Okay, fine. So I wasn’t emailing or doing very much work that week. The next week I’d jump back in with both feet, I thought.
As he was recovering on the couch, I was falling asleep in the car in parking lots before meetings, before picking up our daughter, before going into the library to work. I was so tired. SO TIRED. The only thing I can compare it to is that first trimester pregnant kind of tired. I’m not pregnant. I don’t know if it was releasing the anxiety I had been carrying or if it was the crazy hours of work overtime I put it in before the surgery to make sure all my bases were covered or what. All I know is that I, like my husband, needed more recovery time than I thought I did.
3: We tend to settle for close enough to normal, which is not the definition of recovery.
The “bring back to normal position or condition” version of the definition strikes me as the sneaky, important one. Because I feel like we tend to quit recovery at “close enough to normal” instead. There is external pressure to get back in the game, and there is internal desire to be done with the whole recovery thing—usually before actually back to normal position or condition. Consider:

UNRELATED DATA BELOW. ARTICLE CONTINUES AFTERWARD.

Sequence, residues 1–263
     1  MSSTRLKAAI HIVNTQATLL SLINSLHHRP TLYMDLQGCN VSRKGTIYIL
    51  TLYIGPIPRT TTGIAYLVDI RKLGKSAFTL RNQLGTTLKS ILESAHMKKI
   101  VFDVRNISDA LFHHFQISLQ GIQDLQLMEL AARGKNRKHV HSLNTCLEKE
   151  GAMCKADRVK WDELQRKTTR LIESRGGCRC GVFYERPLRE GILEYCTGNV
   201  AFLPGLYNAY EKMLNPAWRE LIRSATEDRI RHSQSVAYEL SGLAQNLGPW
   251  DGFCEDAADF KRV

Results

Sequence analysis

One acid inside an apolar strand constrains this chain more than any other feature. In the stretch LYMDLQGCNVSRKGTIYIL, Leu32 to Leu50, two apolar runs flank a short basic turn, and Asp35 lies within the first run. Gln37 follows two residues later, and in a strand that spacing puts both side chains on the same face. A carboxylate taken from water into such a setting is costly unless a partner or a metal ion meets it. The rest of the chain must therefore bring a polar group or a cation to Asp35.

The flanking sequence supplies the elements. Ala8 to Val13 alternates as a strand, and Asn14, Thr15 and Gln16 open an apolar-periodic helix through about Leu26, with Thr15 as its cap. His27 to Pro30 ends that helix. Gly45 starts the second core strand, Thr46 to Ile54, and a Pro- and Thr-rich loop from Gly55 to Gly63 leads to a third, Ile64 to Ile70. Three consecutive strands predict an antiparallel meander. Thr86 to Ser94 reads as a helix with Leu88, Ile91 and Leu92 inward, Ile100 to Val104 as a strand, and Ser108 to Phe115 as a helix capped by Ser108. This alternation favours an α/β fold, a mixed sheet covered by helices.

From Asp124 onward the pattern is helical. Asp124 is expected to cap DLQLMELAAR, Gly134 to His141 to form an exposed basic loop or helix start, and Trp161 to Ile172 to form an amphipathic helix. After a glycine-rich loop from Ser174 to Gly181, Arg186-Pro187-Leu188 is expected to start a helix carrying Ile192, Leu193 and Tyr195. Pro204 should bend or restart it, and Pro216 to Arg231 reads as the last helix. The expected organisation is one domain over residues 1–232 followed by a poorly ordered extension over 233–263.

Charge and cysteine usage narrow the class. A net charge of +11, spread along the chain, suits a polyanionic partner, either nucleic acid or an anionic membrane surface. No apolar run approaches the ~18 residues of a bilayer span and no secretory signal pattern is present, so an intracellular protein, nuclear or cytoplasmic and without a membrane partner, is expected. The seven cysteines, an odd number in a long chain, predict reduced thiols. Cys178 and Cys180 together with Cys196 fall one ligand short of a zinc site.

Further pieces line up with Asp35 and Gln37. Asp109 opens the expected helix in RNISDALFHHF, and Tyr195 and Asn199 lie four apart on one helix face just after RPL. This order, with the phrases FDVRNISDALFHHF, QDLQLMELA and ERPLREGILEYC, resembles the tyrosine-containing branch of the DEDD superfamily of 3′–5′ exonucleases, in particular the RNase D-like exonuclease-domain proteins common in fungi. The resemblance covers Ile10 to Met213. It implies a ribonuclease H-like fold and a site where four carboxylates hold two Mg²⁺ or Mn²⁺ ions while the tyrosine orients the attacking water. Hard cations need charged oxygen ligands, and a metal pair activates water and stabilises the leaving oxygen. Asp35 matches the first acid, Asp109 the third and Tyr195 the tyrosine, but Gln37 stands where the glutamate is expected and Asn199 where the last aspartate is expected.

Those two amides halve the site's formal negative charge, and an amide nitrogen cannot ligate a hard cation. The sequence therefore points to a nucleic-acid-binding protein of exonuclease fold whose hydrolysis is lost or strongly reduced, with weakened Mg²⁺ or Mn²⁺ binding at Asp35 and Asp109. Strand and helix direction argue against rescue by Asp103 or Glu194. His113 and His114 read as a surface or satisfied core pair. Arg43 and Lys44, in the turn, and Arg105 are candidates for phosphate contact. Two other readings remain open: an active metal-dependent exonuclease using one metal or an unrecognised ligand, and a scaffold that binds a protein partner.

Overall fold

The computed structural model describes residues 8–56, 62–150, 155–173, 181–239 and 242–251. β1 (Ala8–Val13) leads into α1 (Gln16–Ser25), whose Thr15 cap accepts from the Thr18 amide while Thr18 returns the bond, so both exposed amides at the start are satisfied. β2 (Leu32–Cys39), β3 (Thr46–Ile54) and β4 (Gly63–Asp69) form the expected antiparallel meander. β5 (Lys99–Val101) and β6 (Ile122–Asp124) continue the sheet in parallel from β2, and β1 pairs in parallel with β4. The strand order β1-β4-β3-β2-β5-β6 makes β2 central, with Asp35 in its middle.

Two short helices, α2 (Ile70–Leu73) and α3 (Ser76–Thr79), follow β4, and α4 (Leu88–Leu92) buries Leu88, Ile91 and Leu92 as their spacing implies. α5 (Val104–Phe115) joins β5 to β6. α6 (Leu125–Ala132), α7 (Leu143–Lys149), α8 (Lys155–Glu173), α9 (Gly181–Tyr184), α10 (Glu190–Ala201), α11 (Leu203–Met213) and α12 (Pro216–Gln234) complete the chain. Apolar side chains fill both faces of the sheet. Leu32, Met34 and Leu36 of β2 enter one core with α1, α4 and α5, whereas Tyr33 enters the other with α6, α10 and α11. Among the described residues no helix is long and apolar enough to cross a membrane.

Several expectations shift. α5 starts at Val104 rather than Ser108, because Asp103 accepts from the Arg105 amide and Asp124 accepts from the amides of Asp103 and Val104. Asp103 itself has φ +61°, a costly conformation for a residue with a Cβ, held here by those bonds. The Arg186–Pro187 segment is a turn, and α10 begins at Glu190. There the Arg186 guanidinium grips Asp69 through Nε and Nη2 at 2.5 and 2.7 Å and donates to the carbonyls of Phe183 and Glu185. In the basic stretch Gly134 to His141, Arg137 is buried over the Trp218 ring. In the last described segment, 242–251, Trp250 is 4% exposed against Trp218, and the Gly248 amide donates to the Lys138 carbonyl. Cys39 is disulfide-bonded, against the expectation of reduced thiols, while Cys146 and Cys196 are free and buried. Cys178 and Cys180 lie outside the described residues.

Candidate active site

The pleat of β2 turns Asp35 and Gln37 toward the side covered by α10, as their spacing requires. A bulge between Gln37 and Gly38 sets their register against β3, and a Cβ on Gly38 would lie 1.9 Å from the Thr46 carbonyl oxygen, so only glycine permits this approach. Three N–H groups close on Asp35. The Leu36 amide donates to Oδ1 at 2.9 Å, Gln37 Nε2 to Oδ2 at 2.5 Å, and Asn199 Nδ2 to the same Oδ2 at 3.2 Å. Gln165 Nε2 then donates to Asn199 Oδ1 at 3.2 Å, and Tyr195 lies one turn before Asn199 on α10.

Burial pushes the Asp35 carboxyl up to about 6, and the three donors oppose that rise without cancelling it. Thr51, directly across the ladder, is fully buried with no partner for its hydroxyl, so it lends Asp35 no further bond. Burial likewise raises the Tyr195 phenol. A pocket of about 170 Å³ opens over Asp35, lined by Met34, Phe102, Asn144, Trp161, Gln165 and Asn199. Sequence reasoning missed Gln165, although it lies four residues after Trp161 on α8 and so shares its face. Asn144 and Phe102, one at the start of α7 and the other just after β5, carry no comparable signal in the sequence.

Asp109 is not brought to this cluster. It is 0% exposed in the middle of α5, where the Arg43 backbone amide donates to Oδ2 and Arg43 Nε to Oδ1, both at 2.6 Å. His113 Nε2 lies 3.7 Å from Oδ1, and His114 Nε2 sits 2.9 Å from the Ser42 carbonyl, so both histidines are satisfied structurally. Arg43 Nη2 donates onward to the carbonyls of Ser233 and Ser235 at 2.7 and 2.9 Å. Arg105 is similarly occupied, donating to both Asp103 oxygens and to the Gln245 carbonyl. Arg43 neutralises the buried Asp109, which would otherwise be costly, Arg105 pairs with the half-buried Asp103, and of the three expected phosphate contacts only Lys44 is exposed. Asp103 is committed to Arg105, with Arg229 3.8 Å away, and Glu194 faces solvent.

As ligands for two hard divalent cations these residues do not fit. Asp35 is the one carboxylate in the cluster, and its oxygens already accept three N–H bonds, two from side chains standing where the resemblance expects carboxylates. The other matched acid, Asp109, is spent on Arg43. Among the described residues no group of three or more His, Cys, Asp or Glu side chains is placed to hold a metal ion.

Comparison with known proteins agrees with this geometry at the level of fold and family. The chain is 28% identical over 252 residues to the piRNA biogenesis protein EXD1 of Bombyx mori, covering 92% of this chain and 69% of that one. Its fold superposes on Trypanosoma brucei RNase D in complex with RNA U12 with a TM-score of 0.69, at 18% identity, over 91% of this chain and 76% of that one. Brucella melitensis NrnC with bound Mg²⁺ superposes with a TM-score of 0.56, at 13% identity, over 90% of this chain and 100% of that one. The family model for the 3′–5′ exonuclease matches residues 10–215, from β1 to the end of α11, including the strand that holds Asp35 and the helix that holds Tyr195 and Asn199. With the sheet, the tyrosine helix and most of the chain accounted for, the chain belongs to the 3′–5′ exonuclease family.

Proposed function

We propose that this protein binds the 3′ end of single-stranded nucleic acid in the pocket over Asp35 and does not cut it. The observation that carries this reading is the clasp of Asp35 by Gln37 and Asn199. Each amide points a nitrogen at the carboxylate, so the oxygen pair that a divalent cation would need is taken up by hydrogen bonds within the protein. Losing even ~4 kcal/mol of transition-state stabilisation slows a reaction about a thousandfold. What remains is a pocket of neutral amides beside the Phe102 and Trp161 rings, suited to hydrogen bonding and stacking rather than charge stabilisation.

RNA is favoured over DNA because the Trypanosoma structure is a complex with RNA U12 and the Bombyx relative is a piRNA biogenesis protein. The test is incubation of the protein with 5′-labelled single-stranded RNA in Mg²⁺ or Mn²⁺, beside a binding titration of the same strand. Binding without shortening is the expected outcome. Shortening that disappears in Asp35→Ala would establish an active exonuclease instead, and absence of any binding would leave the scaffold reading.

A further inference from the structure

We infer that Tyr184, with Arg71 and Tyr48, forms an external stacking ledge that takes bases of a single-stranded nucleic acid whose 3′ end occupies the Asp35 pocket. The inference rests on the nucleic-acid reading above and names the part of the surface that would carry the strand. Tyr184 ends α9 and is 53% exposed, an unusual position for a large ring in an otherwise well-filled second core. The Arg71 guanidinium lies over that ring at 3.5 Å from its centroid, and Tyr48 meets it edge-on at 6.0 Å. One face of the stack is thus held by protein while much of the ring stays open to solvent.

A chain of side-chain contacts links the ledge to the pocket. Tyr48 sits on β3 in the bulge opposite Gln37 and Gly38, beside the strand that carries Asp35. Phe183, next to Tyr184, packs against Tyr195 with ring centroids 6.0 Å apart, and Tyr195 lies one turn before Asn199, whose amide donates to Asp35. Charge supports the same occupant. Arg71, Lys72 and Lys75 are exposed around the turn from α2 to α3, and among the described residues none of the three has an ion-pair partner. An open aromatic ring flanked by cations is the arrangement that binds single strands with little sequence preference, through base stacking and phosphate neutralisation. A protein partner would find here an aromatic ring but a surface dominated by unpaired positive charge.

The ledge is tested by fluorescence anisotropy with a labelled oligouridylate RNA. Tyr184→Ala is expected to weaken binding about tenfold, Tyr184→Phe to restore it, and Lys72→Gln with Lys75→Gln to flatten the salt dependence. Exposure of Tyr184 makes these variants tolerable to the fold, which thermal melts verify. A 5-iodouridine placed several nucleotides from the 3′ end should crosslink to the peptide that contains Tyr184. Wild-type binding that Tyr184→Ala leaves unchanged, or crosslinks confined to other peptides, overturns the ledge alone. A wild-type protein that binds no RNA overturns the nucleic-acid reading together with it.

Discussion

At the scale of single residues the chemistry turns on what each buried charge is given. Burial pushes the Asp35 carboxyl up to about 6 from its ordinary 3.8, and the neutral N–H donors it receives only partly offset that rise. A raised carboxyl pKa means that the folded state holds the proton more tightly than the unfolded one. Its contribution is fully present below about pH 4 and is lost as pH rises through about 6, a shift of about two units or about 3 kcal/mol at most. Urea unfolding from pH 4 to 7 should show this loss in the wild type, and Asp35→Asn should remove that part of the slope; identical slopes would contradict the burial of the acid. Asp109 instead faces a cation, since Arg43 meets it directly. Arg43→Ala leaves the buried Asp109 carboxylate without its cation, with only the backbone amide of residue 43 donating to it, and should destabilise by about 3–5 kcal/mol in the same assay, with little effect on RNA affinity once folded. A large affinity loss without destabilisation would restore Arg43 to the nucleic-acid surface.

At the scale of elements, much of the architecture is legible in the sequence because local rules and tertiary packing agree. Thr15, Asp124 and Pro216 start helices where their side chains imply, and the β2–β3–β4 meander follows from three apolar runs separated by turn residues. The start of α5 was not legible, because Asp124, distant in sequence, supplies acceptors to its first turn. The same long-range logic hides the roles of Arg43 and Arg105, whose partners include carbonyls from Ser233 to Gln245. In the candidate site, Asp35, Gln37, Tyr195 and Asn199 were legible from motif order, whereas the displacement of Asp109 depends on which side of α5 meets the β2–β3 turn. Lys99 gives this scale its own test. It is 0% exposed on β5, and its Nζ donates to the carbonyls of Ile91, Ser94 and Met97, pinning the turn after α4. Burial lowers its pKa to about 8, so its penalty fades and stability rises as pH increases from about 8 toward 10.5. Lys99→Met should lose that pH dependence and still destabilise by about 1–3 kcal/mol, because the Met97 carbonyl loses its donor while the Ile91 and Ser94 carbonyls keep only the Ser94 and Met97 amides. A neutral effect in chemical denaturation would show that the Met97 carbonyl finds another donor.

What if, when we recover after a huge work project, we file the stuff that needs to be filed and send the thank yous and recycle all that paper we don’t need anymore and take some time off to rest—instead of letting it all sit there while we listlessly jam around in our email inboxes until something else urgent has to be done?